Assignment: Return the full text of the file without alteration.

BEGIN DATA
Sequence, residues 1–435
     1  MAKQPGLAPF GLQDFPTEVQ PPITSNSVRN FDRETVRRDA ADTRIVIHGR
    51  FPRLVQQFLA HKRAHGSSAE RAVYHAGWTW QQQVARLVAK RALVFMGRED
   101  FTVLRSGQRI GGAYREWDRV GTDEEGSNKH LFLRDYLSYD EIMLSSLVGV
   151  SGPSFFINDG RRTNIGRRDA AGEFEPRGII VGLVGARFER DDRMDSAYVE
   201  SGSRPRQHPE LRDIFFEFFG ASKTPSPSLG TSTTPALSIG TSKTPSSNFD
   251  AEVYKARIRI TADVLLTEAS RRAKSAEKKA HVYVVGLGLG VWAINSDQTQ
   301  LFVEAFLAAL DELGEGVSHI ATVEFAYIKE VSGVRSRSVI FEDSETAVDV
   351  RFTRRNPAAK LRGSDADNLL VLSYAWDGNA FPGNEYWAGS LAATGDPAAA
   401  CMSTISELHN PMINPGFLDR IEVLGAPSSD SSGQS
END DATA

Sequence, residues 1–435
     1  MAKQPGLAPF GLQDFPTEVQ PPITSNSVRN FDRETVRRDA ADTRIVIHGR
    51  FPRLVQQFLA HKRAHGSSAE RAVYHAGWTW QQQVARLVAK RALVFMGRED
   101  FTVLRSGQRI GGAYREWDRV GTDEEGSNKH LFLRDYLSYD EIMLSSLVGV
   151  SGPSFFINDG RRTNIGRRDA AGEFEPRGII VGLVGARFER DDRMDSAYVE
   201  SGSRPRQHPE LRDIFFEFFG ASKTPSPSLG TSTTPALSIG TSKTPSSNFD
   251  AEVYKARIRI TADVLLTEAS RRAKSAEKKA HVYVVGLGLG VWAINSDQTQ
   301  LFVEAFLAAL DELGEGVSHI ATVEFAYIKE VSGVRSRSVI FEDSETAVDV
   351  RFTRRNPAAK LRGSDADNLL VLSYAWDGNA FPGNEYWAGS LAATGDPAAA
   401  CMSTISELHN PMINPGFLDR IEVLGAPSSD SSGQS